Krysztof Wodiczko


Professor of Visual Arts
Director, Center for Advanced Visual Studies
Massachusetts Institute of Technology

Krzysztof Wodiczko is internationally renowned for creating large-scale, community oriented slide and video projections on historic monuments and architectural facades. Since the early 1980s, he has realized more than 70 projects in over a dozen countries. Sites have included the Martin Luther Church in Kassel, Germany; the Campanile in St. Mark’s Square, Venice; Nelson’s Column in Trafalger Square, London; and the Bundeshaus (Capitol) in Bern, Switzerland.

Born in Warsaw during the 1943 ghetto uprising, Wodiczko frequently explores themes of healing, communication, empowerment and social change. His projections are a form of communal art, enlisting local residents and familiar public spaces to reach and unite peoples of diverse backgrounds. In 1998, he received the Hiroshima Prize, awarded every three years by the City of Hiroshima, Japan, to an artist whose work has contributed to world peace.

“There is a possibility of enormous communication when you project contemporary images onto historic monuments,” Wodiczko told The New York Times in 1998, explaining Let Freedom Ring, a somber and deeply respectful projection at the Bunker Hill Monument in Boston. “We should be able to call those monuments into question, to ask them what they think about what is happening today.”

Since 1985, Wodiczko has been the subject of major retrospectives at the Walker Art Center, Minneapolis; Museum Stuki, Lodz; Fundacio Tapies, Barcelona; the Wadsworth Athenaeum, Hartford; and the La Jolla Museum of Contemporary Art, San Diego, among others. He has participated in major festivals and exhibitions around the world, including Documenta in Kassel, the Paris Biennale, the Sydney Biennale and the Lyon Biennale. In 1999, he represented Poland at the Venice Biennale of Architecture.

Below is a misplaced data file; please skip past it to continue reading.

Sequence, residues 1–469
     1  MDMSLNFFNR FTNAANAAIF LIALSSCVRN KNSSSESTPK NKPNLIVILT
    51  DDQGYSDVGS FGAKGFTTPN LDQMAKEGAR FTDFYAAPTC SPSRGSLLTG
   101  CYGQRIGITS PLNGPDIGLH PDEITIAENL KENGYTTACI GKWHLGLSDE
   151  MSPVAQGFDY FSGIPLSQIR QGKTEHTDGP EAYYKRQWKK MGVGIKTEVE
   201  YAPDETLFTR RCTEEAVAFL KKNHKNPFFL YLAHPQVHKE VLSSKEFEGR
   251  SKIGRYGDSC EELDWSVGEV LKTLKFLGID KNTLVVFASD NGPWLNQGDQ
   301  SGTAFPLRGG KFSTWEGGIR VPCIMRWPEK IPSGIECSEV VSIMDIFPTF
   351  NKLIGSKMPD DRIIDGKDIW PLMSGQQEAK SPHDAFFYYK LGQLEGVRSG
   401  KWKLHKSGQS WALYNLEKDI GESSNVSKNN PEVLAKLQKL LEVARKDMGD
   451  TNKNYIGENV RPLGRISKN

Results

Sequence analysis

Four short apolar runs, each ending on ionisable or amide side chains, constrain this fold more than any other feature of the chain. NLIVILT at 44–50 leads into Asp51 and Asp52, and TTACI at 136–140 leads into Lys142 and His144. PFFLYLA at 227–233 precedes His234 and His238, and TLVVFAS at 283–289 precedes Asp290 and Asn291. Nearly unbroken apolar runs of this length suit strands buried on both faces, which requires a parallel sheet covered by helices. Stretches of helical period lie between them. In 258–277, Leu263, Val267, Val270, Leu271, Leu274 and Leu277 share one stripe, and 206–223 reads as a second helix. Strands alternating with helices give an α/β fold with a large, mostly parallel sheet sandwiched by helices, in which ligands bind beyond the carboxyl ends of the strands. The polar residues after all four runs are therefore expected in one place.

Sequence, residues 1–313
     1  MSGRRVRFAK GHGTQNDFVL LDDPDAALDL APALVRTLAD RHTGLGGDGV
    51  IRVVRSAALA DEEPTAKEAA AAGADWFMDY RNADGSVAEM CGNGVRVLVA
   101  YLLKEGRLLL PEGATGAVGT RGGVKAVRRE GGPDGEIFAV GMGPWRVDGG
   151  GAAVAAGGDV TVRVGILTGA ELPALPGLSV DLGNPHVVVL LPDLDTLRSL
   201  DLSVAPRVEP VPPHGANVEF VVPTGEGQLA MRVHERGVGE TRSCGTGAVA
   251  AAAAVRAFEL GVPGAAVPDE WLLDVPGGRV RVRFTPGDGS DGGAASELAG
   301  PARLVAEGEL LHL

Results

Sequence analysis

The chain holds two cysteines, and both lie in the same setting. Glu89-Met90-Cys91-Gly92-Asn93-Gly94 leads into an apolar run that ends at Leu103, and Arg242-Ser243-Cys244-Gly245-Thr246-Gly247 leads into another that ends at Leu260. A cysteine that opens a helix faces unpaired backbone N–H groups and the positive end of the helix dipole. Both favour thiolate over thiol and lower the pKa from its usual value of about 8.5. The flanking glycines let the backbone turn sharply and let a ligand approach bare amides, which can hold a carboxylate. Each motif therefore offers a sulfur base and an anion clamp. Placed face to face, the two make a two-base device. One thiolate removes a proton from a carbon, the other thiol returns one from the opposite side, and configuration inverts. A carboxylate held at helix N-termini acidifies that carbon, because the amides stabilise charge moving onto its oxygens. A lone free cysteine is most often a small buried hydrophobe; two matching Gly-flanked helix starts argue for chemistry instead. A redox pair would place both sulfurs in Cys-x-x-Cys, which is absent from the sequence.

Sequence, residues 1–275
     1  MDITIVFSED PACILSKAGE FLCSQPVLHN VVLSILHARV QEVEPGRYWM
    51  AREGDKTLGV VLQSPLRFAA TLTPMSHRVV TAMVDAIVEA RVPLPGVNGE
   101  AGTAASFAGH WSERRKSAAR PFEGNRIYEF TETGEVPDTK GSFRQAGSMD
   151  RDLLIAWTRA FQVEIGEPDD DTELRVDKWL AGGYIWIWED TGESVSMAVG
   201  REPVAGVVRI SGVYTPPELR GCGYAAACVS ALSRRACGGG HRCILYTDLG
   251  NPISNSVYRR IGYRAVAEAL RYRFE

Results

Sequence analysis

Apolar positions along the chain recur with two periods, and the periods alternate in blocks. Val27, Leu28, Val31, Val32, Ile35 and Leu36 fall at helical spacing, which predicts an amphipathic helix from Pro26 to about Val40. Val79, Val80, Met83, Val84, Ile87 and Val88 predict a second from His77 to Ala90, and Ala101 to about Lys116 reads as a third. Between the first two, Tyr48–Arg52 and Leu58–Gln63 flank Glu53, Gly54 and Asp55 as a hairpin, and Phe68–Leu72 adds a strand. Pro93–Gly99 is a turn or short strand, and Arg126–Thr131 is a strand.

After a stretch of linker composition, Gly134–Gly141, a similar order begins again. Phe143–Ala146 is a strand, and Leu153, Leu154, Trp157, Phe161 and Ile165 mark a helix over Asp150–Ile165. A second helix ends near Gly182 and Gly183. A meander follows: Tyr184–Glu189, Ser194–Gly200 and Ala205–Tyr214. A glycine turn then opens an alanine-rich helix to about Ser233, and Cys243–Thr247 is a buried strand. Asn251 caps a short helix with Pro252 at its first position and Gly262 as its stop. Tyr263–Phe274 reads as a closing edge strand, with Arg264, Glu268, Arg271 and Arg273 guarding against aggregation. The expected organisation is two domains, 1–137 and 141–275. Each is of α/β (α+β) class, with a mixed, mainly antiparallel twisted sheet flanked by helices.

Wodiczko attended the Academy of Fine Arts in Warsaw, graduating in 1968 with an emphasis on architecture, industrial design and the visual arts. From 1970-75 he taught at the Warsaw Polytechnic Institute and in 1977 became a visiting professor at the Nova Scotia College of Art and Design. Prior to arriving at MIT, in 1991, he also taught at the Ontario College of Art, the California Institute of the Arts, the University of Hartford, Cooper Union School of Art and the California Institute of Technology.

Wodiczko has written on public art for October, Assemblage, Grand Street, The Canadian Journal of Political and Social Theory, Theories and Documents of Contemporary Art and other publications, as well as for numerous exhibitions catalogues. An anthology of his writings, Krzysztof Wodiczko: Art Public/Art Critique, was released by the Ecole Nationale Suprieure des Beaux Arts, Paris in 1995. Critical Vehicles, his first book in English, was published by MIT Press in 1999.